(237b) Precise Control over the Position and Orientation of Anisotropic Colloidal Particles Using a Stokes Trap
AIChE Annual Meeting
2018 AIChE Annual Meeting
Engineering Sciences and Fundamentals
Poster Session: Fluid Mechanics
Monday, October 29, 2018 - 3:30pm to 5:00pm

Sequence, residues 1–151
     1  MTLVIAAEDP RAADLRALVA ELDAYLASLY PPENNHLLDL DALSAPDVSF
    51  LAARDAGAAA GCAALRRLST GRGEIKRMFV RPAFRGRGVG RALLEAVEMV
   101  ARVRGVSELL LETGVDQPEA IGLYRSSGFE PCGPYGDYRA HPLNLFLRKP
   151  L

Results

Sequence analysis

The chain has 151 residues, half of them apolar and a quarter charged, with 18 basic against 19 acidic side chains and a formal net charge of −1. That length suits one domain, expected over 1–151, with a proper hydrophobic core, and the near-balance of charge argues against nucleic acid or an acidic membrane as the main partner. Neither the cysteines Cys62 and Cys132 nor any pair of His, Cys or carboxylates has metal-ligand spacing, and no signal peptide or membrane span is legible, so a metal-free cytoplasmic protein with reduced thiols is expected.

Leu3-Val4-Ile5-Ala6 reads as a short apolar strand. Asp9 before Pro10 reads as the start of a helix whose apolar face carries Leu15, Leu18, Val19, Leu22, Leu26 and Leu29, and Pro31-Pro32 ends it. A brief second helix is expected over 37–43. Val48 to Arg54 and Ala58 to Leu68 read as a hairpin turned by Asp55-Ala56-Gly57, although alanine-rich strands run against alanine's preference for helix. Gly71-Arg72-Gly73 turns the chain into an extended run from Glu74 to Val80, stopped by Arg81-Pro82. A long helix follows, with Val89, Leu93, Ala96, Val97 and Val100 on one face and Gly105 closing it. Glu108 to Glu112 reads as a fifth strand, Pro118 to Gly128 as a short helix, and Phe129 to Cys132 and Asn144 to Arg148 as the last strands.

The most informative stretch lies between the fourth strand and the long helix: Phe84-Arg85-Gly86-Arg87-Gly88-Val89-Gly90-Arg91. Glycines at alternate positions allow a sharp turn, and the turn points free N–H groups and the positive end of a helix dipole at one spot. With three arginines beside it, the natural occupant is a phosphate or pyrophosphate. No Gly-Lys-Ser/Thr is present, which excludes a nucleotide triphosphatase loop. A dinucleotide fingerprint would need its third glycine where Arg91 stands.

Suspensions of anisotropic colloidal particles are commonly encountered in a wide array of applications, including smart materials for targeted drug delivery and injectable materials for therapeutic applications. A grand challenge in the field of directed assembly is to precisely assemble chemically and structurally distinct anisotropic particles into functional hierarchical structures. Such complex assembly schemes will require precise control over both the position and orientation of individual rods. Despite recent progress, it remains challenging to control both the center-of-mass position and orientation of single and multiple rod-like Brownian colloidal particles for these applications. In this work, we demonstrate simultaneous control over the 2D center-of-mass position and orientation of anisotropic Brownian colloidal particles (polystyrene rod-like particles) using a Stokes trap. In this way, the orientation and position of single rod-like particles is controlled using the sole action of fluid flow. In particular, we use a 4-channel Stokes trap with a model-predictive control scheme as a feedback controller to solve a constrained optimization problem in real time. Using this approach, a flow pattern is generated that translates and rotates rod-like particles from their initial state to a final desired position and orientation. Unlike alternative techniques that exploit intrinsic material properties of rod-like particles (e.g. index of refraction, magnetic properties, surface charge) to control position and orientation, our method imposes no restrictions on the physical or chemical properties of the particles, and hence, can be used for rods of any material and size, assuming they can be imaged or detected. Moving forward, this approach could be further engineered to achieve fluidic-directed assembly of asymmetric objects on a meso- to micro-scale level.